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Woodbury County treasurer closes office to walk-ins after staff expresses coronavirus concerns
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Woodbury County treasurer closes office to walk-ins after staff expresses coronavirus concerns

SIOUX CITY -- Being down some employees and because people waiting to be served were not practicing social distancing in a time of coronavirus, the Woodbury County Treasurer's Office will be closed to public access beginning Wednesday morning.

Mike Clayton

Clayton

"It is not going to make people happy," Treasurer Mike Clayton said Tuesday as he explained the closure of the office in the Trosper Hoyt Building to the Woodbury County Board of Supervisors in their weekly meeting.

In the prior board meeting one week prior, Clayton had said he was facing a "Mutiny on the Bounty" situation by concerned treasurer employees who didn't want to be on the front lines of working with the public in a time of coronavirus concerns.

On Tuesday, he said the office staffing was thin, with one position still open after a previous resignation, one person who refused to come to work since the office hadn't been closed, another who was mulling not coming for the same reason, plus two others out sick.

The prior week, the supervisors voted to allow access to the Woodbury County Courthouse only by people who set up appointments, with online and phoning as other methods to be served. Clayton had said he would follow the rule of allowing 10 people at most in the office, with the rest to wait outside the main entrance to be called in.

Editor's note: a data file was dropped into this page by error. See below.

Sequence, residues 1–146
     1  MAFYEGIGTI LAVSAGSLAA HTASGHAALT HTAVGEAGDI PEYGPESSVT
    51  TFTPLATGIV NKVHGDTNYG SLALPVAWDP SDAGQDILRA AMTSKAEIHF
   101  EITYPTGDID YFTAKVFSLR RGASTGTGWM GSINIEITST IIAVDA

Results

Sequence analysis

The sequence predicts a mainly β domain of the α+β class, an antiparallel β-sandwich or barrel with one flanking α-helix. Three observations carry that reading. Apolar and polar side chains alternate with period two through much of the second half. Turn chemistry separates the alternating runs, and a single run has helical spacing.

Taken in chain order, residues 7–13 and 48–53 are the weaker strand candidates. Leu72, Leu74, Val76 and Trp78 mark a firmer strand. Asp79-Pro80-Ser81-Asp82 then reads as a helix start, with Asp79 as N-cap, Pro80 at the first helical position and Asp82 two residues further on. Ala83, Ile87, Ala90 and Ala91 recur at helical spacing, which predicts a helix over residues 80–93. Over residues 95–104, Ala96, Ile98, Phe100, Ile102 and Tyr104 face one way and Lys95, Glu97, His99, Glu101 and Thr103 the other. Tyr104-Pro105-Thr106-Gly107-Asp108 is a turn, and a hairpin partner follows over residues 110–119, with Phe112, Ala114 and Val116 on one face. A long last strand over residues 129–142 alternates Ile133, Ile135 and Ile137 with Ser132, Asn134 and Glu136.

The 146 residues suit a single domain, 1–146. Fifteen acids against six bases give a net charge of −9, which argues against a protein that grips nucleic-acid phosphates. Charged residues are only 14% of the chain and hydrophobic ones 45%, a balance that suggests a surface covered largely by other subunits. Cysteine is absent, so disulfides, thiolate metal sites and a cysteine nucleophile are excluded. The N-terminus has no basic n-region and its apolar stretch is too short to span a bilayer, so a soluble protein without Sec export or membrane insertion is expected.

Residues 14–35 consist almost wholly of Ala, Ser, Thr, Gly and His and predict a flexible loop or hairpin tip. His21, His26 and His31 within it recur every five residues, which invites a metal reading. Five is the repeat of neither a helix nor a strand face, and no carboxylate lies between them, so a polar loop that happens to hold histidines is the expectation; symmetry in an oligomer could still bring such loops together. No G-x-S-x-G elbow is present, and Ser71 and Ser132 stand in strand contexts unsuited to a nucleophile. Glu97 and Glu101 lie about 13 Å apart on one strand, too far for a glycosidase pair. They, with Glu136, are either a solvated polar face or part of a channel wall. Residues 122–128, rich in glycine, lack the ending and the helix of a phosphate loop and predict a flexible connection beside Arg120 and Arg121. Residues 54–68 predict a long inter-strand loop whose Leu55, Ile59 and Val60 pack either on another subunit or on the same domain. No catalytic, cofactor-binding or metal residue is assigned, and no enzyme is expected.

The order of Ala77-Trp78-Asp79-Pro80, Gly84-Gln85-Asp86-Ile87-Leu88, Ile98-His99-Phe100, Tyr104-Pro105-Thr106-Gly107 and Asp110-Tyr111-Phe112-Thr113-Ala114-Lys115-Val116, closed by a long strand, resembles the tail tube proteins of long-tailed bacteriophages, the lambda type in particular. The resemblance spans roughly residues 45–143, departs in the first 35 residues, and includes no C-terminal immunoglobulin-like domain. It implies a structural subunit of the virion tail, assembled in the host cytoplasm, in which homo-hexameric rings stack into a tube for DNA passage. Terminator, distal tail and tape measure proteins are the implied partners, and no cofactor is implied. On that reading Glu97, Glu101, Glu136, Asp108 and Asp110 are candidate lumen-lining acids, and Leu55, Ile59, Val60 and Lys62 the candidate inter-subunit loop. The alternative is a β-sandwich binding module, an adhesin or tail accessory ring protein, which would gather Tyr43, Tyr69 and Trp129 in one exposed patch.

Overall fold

Clayton on Tuesday said patrons over the last week didn't space themselves out by the recommended six feet for social distancing, with some being "hostile" to the concept, in an office where lots of people can wait to be served, with a number-drawing system keeping the order of service.

"They are afraid to lose their place in line," Clayton said.

He explained county residents who need to renew their vehicle and pay property taxes can do so through the mail or on the Woodbury County website, www.woodburycountyiowa.gov. The drive-up window on the south side of Trosper Hoyt, which is two blocks north of the downtown courthouse, is for auto renewals only.

"We also have a drop box next to the drive-up window; payments for vehicle renewal and (property) tax will also be accepted there," Clayton said.

Assistant County Attorney Joshua Widman said Clayton had the authority to make the announced changes.

"It is within his discretion as an elected official," Widman said.

In the prior meeting, during the courthouse restriction discussions, the supervisors had a long conversation on whether the courthouse security workers would, as people entered, ask if they were feeling healthy and had family members who were sick. They decided against taking that step.

County Auditor Pat Gill said county residents seemed to work well with the appointment process in the courthouse. Additionally, Siouxland District Health Department Director Kevin Grieme gave an update on the community spread of coronavirus.

Grieme said 200 people in the county have been tested for coronavirus and the number of confirmed cases of COVID-19 sits at two, from those reported on Saturday and then Monday.

"We know that is going to grow," he said.

On Tuesday evening, the first coronavirus-related death in Iowa was confirmed. The office of Gov. Kim Reynolds reported the person in the 61-80 age range lived in Dubuque County.

For most people, the coronavirus causes only mild or moderate symptoms, such as fever and cough. For some, especially older adults and people with existing health problems, it can cause more severe illness, including pneumonia.

The vast majority of people recover from the virus. According to the World Health Organization, people with mild cases recover in about two weeks, while those with more severe ones can take three to six weeks to get better.

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